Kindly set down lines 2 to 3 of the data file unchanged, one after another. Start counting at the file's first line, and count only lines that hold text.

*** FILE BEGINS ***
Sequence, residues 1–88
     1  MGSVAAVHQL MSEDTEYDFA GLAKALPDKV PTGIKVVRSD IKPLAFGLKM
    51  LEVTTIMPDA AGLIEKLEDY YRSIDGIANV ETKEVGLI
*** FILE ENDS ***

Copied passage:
     1  MGSVAAVHQL MSEDTEYDFA GLAKALPDKV PTGIKVVRSD IKPLAFGLKM
    51  LEVTTIMPDA AGLIEKLEDY YRSIDGIANV ETKEVGLI